Tuesday, October 25, 2011

Liberty Village Rotisserie Grill, Toronto, ON

After conducting two enrolment seminars today, I drove home from Windsor this afternoon.

It started raining after I hit London so it was a longer slower wetter drive.

By the time I got home five hours later, I was exhausted so stopped off at Liberty Village Rotisserie Grill, which is in our 'hood, to pick up some supper for Gord and I.

Since May, it has new owners (it used to be called Rotisserie House). This is the first time we've tried it since the change in ownership. Some of the less popular Portuguese items the former owners had on the menu are gone. They have been replace with fish tacos, chicken poutine, etc.

I got us each a half chicken dinner with rice and potatoes. Here's mine ... I got extra hot sauce on mine (Gord didn't want any sauce).

Everything was delicious! The chicken was so tender. I love potatoes done like this! The rice with the sauce was good.

We're definitely going to have it check it out more often.

The Rotisserie House on Urbanspoon

Monday, October 24, 2011

Hilton Windsor, Windsor, ON

I have a couple seminars to conduct tomorrow in Windsor. The first one is at 10:15am so I drove to Windsor this afternoon (it's a four plus hour drive from Toronto).

Here's my room ...

The view from my window when I checked in about 6pm was gorgeous ... the sun was setting on Detroit (I'm on the 16th floor).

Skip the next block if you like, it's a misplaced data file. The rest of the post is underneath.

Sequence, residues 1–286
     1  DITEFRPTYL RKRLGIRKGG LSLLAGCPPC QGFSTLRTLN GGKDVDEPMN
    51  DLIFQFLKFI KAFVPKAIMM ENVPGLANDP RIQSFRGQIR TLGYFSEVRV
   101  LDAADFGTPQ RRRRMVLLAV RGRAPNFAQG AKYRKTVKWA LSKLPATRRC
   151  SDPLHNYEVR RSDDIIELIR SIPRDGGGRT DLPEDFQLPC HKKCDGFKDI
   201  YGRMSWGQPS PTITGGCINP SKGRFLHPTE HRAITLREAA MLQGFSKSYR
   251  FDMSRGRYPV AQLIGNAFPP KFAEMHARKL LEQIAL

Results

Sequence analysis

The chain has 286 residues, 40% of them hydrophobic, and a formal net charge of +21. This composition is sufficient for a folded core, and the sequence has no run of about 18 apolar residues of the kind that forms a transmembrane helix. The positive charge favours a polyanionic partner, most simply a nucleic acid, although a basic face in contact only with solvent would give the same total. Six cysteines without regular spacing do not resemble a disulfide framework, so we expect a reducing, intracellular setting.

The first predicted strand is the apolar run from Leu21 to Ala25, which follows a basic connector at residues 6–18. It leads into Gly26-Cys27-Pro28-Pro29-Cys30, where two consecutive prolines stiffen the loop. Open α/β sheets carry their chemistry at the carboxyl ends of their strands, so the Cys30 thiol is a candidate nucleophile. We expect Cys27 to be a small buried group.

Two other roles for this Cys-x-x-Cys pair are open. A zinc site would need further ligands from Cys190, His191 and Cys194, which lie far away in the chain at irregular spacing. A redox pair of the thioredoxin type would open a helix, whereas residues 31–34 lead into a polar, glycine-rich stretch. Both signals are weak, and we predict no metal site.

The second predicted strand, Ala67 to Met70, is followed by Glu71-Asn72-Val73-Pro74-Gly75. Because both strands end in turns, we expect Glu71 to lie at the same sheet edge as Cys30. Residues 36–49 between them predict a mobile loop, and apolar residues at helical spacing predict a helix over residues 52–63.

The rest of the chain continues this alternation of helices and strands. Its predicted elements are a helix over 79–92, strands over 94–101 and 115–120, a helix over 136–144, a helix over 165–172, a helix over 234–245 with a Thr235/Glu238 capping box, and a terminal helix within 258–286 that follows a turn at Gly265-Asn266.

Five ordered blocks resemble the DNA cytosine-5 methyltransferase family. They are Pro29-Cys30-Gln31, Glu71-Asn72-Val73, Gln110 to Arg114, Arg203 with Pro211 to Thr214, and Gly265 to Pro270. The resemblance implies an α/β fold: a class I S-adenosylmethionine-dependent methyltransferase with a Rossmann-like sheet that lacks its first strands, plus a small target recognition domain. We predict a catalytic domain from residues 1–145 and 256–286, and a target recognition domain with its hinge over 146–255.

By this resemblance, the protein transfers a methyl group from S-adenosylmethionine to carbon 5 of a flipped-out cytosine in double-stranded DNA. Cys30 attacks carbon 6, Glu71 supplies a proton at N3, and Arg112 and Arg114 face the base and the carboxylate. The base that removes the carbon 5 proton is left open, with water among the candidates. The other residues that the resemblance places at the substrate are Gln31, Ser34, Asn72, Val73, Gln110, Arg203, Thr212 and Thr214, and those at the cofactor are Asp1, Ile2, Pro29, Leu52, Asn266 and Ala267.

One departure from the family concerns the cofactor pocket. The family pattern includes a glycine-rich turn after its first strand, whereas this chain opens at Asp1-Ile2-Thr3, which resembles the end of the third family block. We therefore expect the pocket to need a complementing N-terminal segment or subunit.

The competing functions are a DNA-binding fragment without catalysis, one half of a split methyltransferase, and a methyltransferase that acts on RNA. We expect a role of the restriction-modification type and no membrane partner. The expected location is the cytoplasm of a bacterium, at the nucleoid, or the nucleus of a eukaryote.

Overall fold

Here are the same views when I got back from supper (about 9pm).

WIFI is free (in this day and age, I hate it when hotels charge for it).

Parking is odd. You can park your car yourself in the back for $10. Or you can have it valet parked for $21 (they take it away to the same spot you would have parked it but charge you $11 more). Or if you are lucky enough, you can leave it in front of the hotel and it's only $15 but you have to pay cash. Huh?!

It's a about six blocks from the casino. I stopped in and played roulette after supper. I lost $40 and that was enough for me. I'm soooo not a gambler! There are tons and tons and tons of slot machines (I find them boring).

Papa Cheney's, Windsor, ON

I asked the fella at the front desk of the hotel I'm staying in where he'd suggest I have supper ... I was craving a pub.

He recommended Papa Cheney's a couple blocks away.

This evening the special was all the wings and/or ribs you can eat for $18. I was craving wings ... a dozen cost $16 so it made sense to get the all you can eat special. So that's what I got. It came with six wings, six ribs, fries, carrots and celery and beans with bacon.

The wings were okay. I'm not a fan of breaded wings ... I like 'em deep-fried and then tossed in sauce. I got them with medium sauce and they had a good kick to them. I'm not a fan of beans but did try them. The fries were really good (tossed with salt). The ribs were the best part ... the sauce was also medium but peppery.

I could have had as many platters as I wanted but I found one was enough ... I didn't finish what I had.

The pub was quiet ... not surprising for a Monday night.

My server was Chandalle and she took good care of me.

Papa Cheney's Whiskey Well on Urbanspoon

Boston Pizza, Hamilton, ON

Steve and I had a client meeting in Hamilton this afternoon.

We met for lunch beforehand at Boston Pizza on Main Street W.

Steve ordered the Buffalo Chicken Sandwich (breaded chicken breast filet tossed in hot sauce served on a toasted French-style bun with lettuce, tomato and their creamy garlic parmesan sauce) with sweet potato fries. He said it was okay ... it didn't look overly exciting.

I had Chicken Parmesan (a tender chicken breast breaded and fried until golden brown. Topped with pomodoro sauce and pizza mozzarella then baked to perfection. Served with your choice of side dish and garlic toast) with spaghetti. It was so-so.